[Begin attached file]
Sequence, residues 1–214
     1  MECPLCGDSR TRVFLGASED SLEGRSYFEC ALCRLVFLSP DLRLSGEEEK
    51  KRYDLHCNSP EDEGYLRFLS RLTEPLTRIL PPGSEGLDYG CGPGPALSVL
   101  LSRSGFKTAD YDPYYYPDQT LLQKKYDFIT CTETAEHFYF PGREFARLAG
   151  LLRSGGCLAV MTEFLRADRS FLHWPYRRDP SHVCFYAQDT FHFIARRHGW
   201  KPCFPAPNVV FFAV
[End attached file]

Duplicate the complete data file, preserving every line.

Sequence, residues 1–214
     1  MECPLCGDSR TRVFLGASED SLEGRSYFEC ALCRLVFLSP DLRLSGEEEK
    51  KRYDLHCNSP EDEGYLRFLS RLTEPLTRIL PPGSEGLDYG CGPGPALSVL
   101  LSRSGFKTAD YDPYYYPDQT LLQKKYDFIT CTETAEHFYF PGREFARLAG
   151  LLRSGGCLAV MTEFLRADRS FLHWPYRRDP SHVCFYAQDT FHFIARRHGW
   201  KPCFPAPNVV FFAV